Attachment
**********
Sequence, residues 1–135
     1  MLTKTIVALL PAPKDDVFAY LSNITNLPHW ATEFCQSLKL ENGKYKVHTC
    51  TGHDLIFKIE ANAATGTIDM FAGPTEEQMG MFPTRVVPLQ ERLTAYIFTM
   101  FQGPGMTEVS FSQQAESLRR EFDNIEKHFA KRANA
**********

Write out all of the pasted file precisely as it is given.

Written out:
Sequence, residues 1–135
     1  MLTKTIVALL PAPKDDVFAY LSNITNLPHW ATEFCQSLKL ENGKYKVHTC
    51  TGHDLIFKIE ANAATGTIDM FAGPTEEQMG MFPTRVVPLQ ERLTAYIFTM
   101  FQGPGMTEVS FSQQAESLRR EFDNIEKHFA KRANA